PS I've allowed anonymous posting, if anyone cares.

PPS More images forthcoming, as I get my gallery up-to-date on my website.

PPPS Still no bags!


  1. You know who I hate? I mean, really, really loath? Erik von Daniken. He's the fucktard who wrote Chariots of the Gods, the book all about how the Pyramids, Stonehenge, etc. were actually constructed by aliens. Total fucktard.
    His basic reasoning is that "primitive people" were too dumb to build stuff, therefore it had to be aliens. I don't know about you, but I don't think that you can get more bleak and cynical than that. In addition to being ridiculous, his argument is also rascist and dehumanizing.
    I mean, really- Here's a guy, who, when confronted with all the cool shit, beautiful art, and wonderous architechture that humans have made over the course of history, refuses to believe it. The coolness and niftyness of humanity was right there, in front of his face, and he refused to put any stock in it. Instead, he wrote off our own ancestors, and externalized all of the cool stuff that we can do. Pretty sad, really.
    I didn't know that Isis, Ra, and Co. made it as far south as Sudan, that's interesting. It's also cool to see the Egyptian-type artwork remixed Sudanese style. Keep the pictures coming!

  2. Yeah, I've heard of Herr von Daniken. I haven't read any of his stuff, but I'm familiar with the general theory. I'm boggled that somebody finds it more plausible that aliens would travel countless light years to erect enormous stone edifices for no apparent reason (and not leave more obvious traces, like, oh, I don't know, advanced technology or something), than that ancient civilizations were somewhat more organized and technologically adept than he personally can conceive of. It's no weirder than the people who generate the oddball conspiracy theory, I suppose.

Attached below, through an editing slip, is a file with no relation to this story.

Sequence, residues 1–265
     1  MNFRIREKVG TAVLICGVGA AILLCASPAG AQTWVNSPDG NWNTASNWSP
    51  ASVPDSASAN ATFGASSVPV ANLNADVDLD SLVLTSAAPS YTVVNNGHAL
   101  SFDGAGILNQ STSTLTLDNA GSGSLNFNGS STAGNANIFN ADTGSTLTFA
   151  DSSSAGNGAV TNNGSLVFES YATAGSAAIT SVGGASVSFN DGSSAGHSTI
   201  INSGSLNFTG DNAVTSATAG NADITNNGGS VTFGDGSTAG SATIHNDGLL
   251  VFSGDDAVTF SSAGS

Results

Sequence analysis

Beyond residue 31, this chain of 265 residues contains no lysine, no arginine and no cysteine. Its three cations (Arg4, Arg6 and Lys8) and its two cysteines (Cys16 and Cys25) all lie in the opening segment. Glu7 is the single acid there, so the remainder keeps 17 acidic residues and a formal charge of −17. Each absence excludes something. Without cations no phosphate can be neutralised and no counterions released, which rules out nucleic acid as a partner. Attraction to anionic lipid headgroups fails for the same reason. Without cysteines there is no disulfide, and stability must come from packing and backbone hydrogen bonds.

I was really interested to learn about the Kushite empire, as well. I had heard the name before, but that was it. They were an entirely separate civilization from their northern neighbors, but there are obvious cultural overlaps (same pantheon, etc.). Apparently they conquered Egypt around 800 BC, and Egypt's 25th dynasty was actually Kush. They outlasted the Egyptians as an independent empire, too, disappearing ~600 AD, I believe. I love learning about stuff like this, albeit only with the depth of rigor that Wikipedia or similar is able to provide.

    One final little note -- I've been a little confused by the race in Sudan. Its considered an Arab nation, and the majority of the people in this area are Arab. Arab people here, however, tend to have much darker skin here than in most Arab countries I've lived in (to the point that they would be called "black" by anyone in the US, say, who didn't know better). There is a definite racial difference between southerners ("black") and the northerners here, however, as well as the Ethiopians and Somalians who also live here. Just another example of how malleable and complicated issues of race can be, I suppose.